Published in the Rains County Leader on November 15, 2016:
Two weeks ago when I went to visit my sixth-grade friend Julie (not her real name), the cafeteria stage at the Junior High School had been turned into a mock polling place. Several tables were set up, and each table held two open laptops. I didn’t get a look at the screens, but I’m sure they displayed some sort of mock ballot showing the presidential candidates.
While we were eating lunch, a group of students filed in, probably from a history or government class. They formed a line up the stairs to the stage, and one at a time, they presented a green voter card to the poll watcher before going to an empty computer and casting their vote.
“I’ll be right back,” said Julie. “I’m supposed to vote today, and I forgot when.” I wasn’t surprised – she’s not very organized when it comes to school-related schedules and assignments. She was gone a minute or two before she bounced back to the table where she had left me.
“It’s okay. I vote during eighth period.” She played with her lunch a little bit and then made an announcement. “I’m not voting for Clinton or Trump.”
“Why not?” I asked.
“Last time we did this, they called my house and told them who I voted for. When I got home, I got yelled at for voting for Obama, so this year I’m voting for that other lady.”
I doubt the school called her home, because, among other reasons, I can’t imagine who would volunteer to make all those phone calls. I suspect she announced her choice on the bus, and her younger brother spilled the beans. Regardless of how her vote became public knowledge, nobody should be yelled at because of who they voted for.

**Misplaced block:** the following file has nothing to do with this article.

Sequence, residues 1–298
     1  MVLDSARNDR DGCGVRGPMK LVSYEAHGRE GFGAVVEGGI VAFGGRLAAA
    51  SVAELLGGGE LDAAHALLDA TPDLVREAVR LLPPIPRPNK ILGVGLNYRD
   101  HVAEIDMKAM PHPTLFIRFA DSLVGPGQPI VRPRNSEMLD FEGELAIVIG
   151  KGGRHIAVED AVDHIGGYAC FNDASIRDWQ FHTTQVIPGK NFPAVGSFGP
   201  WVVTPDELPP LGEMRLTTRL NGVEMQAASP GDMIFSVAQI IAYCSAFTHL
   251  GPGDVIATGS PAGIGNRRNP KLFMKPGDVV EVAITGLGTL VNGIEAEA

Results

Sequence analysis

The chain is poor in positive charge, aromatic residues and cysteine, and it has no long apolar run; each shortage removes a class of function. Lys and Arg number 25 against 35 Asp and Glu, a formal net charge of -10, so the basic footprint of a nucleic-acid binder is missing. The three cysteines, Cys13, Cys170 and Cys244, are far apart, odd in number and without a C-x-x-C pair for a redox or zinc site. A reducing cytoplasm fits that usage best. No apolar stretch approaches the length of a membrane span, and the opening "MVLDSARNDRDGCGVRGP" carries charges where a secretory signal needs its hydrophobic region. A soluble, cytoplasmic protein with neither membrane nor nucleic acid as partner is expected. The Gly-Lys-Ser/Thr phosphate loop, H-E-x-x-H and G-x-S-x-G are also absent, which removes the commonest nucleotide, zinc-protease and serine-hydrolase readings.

I’ve mentioned before that in my house when I was Julie’s age, political discussions did not travel outside the front door. That is certainly not the case now. Political preferences are shouted, if not from the rooftops, at least on Facebook. The names and faces of favorite candidates are emblazoned on t-shirts, bumper stickers, and yard signs. Choices are argued loud and long at all social gatherings, and those on the opposite side are treated with contempt and hostility.
I thought the pre-election climate was bad with its name-calling and finger-pointing – and this was among the voters and not just the candidates – but the behavior of Americans after the votes were counted has been horrifying. Instead of settling down once the decisions have been made, the vitriol on social media has ramped up. Name-calling has evolved into character assassination. Even posts aimed at healing and unity are attacked with comments that create more word wars. Friendships have been put in jeopardy, families are at odds, and as one blog I read stated, people from both sides are embarrassing themselves.
In addition, some incidents have turned physical, but I have not been able to find sufficient verification to give any details. Suffice it to say that we seem to be acting like a bunch of gloating winners and sore losers.
I am not naïve enough to think that all the nastiness could be avoided by keeping our political choices to ourselves. Still, people have worked long and hard, giving time and even their lives to ensure that voters can make their selection based on the merits of the candidates and not out of fear of being yelled at.
A LONG AND WINDING ROAD: A Caregiver’s Tale of Life, Love, and Chaos